After saying goodnight to Health 7, my cohort (minus two) decided to head out and celebrate our anniversary. We spent the night dancing to Reggae and re-telling dumb stories we’d all heard a hundred times (Health 6 spends too much time together).
To say it was a bittersweet celebration would be a great understatement. So much of what we’ve accomplished in the past year was because we were a tightly-knit, fairly large family group. Though we’re still tightly-knit…we’re much smaller. The losses we’ve felt in the last two months run deeply; naturally, those losses are felt even more when we get together as a group. At the end of the night, I was grateful to look around and see the dedication in my fellow Health 6ers eyes. We’re all here for the long haul; we’ve got each other to make it happen. Fourteen months until we COS or extend. It’s happening, ya’ll!
All Volunteer Conference
Last month, after the trip to Musanze (the northern regional town), I headed to Kabgayi (near the southern town of Muhanga) for All Volunteer Conference! [I know these town names mean nothing to you; I’m sorry! Even if I included a map, it wouldn’t help…In the past couple of decades, the government of Rwanda has changed many of the town names. So Musanze and Kabgayi aren’t even on many of the maps. Eek.]
The All Volunteer Conference isn’t something every Post has; we’re just lucky that our VAC and admin staff deem it necessary for our well beings. (After this April, it certainly was!) We spent a half-week doing trust exercises, having development discussions, learning about potential NGO partners, and just having a raucous good time. We even had a trivia night, a dance party, and a talent show (who knew Rwanda PCVs were so talented!).
There were two discussions that really stuck with me.
The first was about Volunteer Diversity. (The second…you’ll read about next time, because this blog is already getting too long.)
For those of you who aren’t sure, these are Peace Corps’ three main goals (I’d be lying if I said I didn’t have to just Google these for the correct wording):
- To help the people of interested countries in meeting their need for trained men and women
- To help promote a better understanding of Americans on the part of the peoples served
- To help promote a better understanding of other peoples on the part of Americans
Now, completing the second goal looks very different for each PCV. For me, it involves a lot of talking and showing of pictures. Why? Because I happen to look like a stereotypical American (blonde hair, blue eyes). I’ve been asked “Do all Americans look like you?”, which inevitably leads to a conversation much deeper than the asker intended. But it’s a conversation that needs to be had, as much of the media that finds its way over here depicts rich, white Americans. It’s not the rich part that gets me, since…in terms of what we can afford here in Rwanda…we are rich. It’s the white part that gets me. And, of course, it’s worse for Volunteers of color. Their identities are questioned every day; it’s a whole other level to Peace Corps service that Peace Corps doesn’t often talk about. (But that Rwanda’s Post is getting much better at!)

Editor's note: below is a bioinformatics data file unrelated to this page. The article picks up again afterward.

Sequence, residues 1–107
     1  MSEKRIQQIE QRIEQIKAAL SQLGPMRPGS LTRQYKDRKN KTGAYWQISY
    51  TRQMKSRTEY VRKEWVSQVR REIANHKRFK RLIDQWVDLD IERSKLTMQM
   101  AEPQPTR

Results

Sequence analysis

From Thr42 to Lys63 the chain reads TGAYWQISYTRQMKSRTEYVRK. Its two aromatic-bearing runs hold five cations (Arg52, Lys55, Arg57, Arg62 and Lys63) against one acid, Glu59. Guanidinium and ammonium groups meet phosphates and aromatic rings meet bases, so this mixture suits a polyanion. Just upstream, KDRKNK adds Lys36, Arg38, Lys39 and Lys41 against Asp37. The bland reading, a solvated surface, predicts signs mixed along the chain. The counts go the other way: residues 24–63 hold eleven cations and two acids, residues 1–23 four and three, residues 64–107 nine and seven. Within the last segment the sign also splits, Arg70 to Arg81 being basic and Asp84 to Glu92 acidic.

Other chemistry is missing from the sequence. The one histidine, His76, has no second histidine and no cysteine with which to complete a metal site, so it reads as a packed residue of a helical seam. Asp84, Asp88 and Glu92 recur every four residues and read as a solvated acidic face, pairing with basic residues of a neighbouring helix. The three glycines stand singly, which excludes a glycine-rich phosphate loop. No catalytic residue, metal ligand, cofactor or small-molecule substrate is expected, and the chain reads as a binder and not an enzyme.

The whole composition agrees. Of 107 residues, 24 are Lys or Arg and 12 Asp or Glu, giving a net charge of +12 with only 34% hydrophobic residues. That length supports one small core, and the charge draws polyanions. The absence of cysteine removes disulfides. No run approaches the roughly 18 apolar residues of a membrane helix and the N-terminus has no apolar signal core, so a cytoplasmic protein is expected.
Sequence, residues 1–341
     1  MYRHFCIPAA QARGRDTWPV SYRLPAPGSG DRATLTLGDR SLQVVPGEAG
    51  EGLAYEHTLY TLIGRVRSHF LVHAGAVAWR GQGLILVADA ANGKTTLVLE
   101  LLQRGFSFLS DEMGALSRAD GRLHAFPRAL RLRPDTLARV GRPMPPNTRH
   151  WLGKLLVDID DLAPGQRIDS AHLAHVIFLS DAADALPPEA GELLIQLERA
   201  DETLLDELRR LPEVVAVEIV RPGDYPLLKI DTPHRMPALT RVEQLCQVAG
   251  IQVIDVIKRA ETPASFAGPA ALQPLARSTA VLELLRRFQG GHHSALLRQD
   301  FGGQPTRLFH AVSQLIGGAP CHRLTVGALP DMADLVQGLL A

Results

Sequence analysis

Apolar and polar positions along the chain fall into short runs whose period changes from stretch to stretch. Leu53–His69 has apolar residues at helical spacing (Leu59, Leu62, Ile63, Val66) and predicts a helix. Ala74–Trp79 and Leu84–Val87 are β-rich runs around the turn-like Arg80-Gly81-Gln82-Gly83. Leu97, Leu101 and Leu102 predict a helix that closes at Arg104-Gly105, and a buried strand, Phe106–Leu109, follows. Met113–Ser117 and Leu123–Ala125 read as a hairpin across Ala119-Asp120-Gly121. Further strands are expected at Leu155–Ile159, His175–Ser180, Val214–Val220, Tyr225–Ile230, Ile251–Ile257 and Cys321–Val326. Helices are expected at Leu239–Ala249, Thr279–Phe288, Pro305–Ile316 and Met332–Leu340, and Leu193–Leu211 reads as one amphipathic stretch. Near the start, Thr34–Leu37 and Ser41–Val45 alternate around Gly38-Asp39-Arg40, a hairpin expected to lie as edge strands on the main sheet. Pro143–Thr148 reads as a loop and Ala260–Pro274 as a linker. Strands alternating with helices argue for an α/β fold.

Though PCV diversity isn’t talked about often, Peace Corps does have “diversity recruiters” (I’m not sure that’s the actual title, sorry!) back in the States. The difference in cohort diversity from before the hires and after…is quite noticeable. (It was such a necessary shift if we’re actually going to teach our host countries about America.)
Looking at it in selfish terms, I am so fortunate to have had such a beautifully diverse Health 6 family. From day one, they were teaching me about acceptance, love, privilege, and…most importantly…hair. In selfless terms, the more diversity, the better for achieving Goal 2! The new group, Health 7, appears to be more diverse than any group that has come before them. This is going to pose new challenges for them, but will ultimately help in teaching that America truly is a melting pot of cultures (with our own, very deeply rooted, issues with race and ethnicity).
For now, Peace Corps Rwanda is doing everything they can to help with the teachings. Our team has even prepared a presentation about American/PCV diversity and they will be showing it to each and every potential site…to avoid the disgusting, if infrequent, request of “We want a white Volunteer.” And, ultimately, the changes are going to need to come from us…the PCVs. Which leads me to…
WASH Implementation Plan
At the end of last month, Angelique, Vanessa, and I designed and facilitated our very own Training of Trainers!
We had our facilitators from each of our sites come into Kigali for a Ministry of Health training. (My facilitators are Elie (top row, far left), Rugamba (black shirt, tan pants in the back), and Protogene (bottom row, far left). They spent a week learning how to be the very best hygiene and sanitation facilitators in the wooooorld. (Yeah.) From what I gathered (it was all in Kinyarwanda), they got a lot out of it. It sure helped that the instructors from the Ministry of Health were lively and are actively working to help us with this program.
At the end of the training, the Ministry worked with our officials to set deadlines for the upcoming work (and boy is it a lot of work).
- June 8th (today): Orientation with Village Chiefs
- It went really well. So well, in fact, that the Chiefs was to increase the number of Community Health Clubs in each village. Unfortunately, that’s going to have to wait until next time…this is still the test run, ya’ll! Let’s start small-ish.
- June 15th-19th: Formation of Community Health Clubs